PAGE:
For 30 years, DESK has partnered with Interfaith Volunteer Care Givers, Yale Hospitality, and others to deliver meals to people in need on Thanksgiving morning. This year, we’re determined to get at least 850 meals out on Thanksgiving morning. In addition, we will once again be providing plenty of Thanksgiving food — including TURKEYS! — at our weekly pantry on the Wednesday before the holiday.
Help us make Thanksgiving special for those in need in the community by donating frozen turkeys, reusable shopping bags, boxed stuffing, and any of the following canned items: green beans, yams, cranberry sauce and corn.

Frozen turkeys should be dropped off on Sunday, Nov. 13, 10 a.m.-2 p.m. at 311 Temple St. All other donations can be dropped off during our regular drop-off hours, Sun.-Thurs., 1-4 p.m. through Nov. 20. Questions? Email us at donate@deskct.org or call 203-624-6426, ext. 6137.

Your financial support will ensure that DESK can serve those in need on Thanksgiving and all year round! Show your support and we’ll be able to purchase supplies to keep everyone safe and protected during these difficult times. Questions? Send us an email at donate@deskct.org or call 203-624-6426, ext. 8778.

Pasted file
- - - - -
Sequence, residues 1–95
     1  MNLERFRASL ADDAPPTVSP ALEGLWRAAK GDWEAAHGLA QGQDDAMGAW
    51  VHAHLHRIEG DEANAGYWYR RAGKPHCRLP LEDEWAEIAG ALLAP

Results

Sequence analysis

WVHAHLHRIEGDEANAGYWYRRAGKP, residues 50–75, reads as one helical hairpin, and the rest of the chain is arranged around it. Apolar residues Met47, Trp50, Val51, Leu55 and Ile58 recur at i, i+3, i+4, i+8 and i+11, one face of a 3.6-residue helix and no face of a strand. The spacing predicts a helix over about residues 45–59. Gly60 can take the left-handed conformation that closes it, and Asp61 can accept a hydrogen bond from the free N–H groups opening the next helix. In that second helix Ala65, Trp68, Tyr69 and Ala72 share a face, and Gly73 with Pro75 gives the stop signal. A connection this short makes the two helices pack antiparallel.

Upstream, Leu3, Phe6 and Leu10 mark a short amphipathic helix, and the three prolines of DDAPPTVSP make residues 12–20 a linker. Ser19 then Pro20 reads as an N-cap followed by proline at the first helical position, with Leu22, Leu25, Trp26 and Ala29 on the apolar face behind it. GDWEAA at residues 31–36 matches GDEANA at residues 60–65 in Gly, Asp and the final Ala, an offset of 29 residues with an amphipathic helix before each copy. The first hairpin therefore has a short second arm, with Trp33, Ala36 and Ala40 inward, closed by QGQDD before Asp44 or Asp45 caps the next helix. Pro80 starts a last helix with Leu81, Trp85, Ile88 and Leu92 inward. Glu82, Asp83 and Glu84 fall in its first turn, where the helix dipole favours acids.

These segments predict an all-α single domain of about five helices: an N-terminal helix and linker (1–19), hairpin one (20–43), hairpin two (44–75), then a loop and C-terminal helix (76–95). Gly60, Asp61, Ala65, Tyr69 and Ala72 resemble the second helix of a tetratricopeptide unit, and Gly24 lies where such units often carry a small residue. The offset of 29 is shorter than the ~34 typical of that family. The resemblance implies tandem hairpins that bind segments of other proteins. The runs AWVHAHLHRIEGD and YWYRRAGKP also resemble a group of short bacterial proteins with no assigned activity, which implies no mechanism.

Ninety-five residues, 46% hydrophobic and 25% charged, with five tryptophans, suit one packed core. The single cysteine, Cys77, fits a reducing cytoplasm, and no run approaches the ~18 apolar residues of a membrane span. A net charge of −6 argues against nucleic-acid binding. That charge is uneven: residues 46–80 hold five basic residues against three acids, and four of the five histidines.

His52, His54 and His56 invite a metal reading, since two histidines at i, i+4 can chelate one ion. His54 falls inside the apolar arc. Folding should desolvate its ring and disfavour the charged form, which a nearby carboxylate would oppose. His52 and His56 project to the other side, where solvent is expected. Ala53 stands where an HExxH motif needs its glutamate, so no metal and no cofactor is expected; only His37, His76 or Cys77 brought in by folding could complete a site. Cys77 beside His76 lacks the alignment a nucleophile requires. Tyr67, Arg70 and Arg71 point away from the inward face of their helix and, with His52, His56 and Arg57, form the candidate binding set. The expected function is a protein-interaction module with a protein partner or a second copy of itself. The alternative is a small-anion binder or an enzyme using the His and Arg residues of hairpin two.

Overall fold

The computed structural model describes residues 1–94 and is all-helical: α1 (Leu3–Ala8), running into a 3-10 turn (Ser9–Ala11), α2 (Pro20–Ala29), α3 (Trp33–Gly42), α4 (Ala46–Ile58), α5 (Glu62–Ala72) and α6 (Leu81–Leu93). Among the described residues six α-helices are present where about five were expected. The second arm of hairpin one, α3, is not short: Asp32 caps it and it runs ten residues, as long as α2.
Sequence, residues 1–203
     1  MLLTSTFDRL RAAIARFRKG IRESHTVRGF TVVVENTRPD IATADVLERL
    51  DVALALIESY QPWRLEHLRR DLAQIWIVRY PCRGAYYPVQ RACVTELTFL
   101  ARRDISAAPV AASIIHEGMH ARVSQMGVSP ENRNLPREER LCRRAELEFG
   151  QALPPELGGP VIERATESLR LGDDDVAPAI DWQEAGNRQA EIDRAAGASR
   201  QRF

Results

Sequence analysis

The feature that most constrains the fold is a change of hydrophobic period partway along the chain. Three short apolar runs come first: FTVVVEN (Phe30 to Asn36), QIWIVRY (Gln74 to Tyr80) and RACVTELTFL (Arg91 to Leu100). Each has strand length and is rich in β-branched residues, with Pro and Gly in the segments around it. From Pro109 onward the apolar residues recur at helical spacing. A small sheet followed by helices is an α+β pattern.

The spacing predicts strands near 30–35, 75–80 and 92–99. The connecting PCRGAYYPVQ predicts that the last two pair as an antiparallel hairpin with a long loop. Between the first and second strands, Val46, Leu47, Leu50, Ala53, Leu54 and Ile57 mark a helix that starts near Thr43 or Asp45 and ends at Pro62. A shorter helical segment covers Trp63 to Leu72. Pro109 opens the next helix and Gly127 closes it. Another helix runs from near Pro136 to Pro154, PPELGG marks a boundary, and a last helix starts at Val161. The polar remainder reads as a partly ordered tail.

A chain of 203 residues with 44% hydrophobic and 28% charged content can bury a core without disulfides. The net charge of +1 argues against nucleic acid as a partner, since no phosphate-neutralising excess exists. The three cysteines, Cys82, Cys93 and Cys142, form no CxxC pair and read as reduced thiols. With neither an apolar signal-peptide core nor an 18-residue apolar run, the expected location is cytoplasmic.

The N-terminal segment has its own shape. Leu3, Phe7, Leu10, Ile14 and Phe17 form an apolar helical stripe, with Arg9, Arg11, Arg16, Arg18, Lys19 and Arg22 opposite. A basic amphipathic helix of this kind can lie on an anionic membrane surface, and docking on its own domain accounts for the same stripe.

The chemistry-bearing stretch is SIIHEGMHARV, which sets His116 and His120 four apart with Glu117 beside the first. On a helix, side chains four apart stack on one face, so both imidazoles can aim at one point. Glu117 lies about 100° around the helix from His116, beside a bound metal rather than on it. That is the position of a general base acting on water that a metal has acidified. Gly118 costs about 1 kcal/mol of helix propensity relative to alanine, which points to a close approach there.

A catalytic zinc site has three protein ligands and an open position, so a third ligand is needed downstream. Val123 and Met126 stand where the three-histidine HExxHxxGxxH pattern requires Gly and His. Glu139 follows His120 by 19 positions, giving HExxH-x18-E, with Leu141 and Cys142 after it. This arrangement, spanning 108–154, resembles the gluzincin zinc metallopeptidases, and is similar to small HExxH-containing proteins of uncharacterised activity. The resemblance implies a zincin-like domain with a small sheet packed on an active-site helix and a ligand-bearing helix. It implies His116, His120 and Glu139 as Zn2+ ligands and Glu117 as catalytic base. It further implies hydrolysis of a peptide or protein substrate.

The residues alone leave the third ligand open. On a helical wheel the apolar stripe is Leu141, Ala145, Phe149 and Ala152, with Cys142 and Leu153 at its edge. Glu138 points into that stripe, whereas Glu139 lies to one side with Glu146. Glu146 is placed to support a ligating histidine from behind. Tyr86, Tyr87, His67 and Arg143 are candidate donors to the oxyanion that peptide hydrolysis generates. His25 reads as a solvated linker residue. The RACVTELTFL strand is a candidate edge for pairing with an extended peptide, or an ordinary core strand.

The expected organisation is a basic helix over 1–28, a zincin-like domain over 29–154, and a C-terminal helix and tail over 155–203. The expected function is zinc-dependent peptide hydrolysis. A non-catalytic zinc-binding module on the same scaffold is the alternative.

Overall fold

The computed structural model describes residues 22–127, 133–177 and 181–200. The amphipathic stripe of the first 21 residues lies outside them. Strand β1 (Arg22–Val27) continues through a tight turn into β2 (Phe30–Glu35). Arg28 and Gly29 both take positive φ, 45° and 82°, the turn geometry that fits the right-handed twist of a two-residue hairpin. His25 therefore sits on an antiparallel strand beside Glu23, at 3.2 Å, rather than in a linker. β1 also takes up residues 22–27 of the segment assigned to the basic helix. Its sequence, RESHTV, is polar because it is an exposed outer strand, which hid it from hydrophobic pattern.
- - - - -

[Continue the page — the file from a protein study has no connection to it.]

We have a number of volunteer spots this year. If you’d like to help onsite (sorting donations, packing meals, organizing our shelves), please email Ashley at volunteer@deskct.org or call 203-624-6426, ext. 6170. If you’d like to be one of our drivers and deliver meals to homes, please sign up at ivcg.typeform.com/driveturkeys22. If you can’t volunteer for Thanksgiving, please don’t forget that we need your help 52 weeks per year!

Our mailing address is:
Downtown Evening Soup Kitchen
PO Box 1478
New Haven, CT 06506-1478

Randy Cox Sues City, Police for $100M

Thomas Breen, New Haven Independent, Sept. 27, 2022

Richard “Randy” Cox’s lawyers have filed a civil lawsuit in federal court against the city and five New Haven police officers seeking $100 million in damages for the cops’ alleged violations of the paralyzed 36-year-old New Havener’s constitutional rights.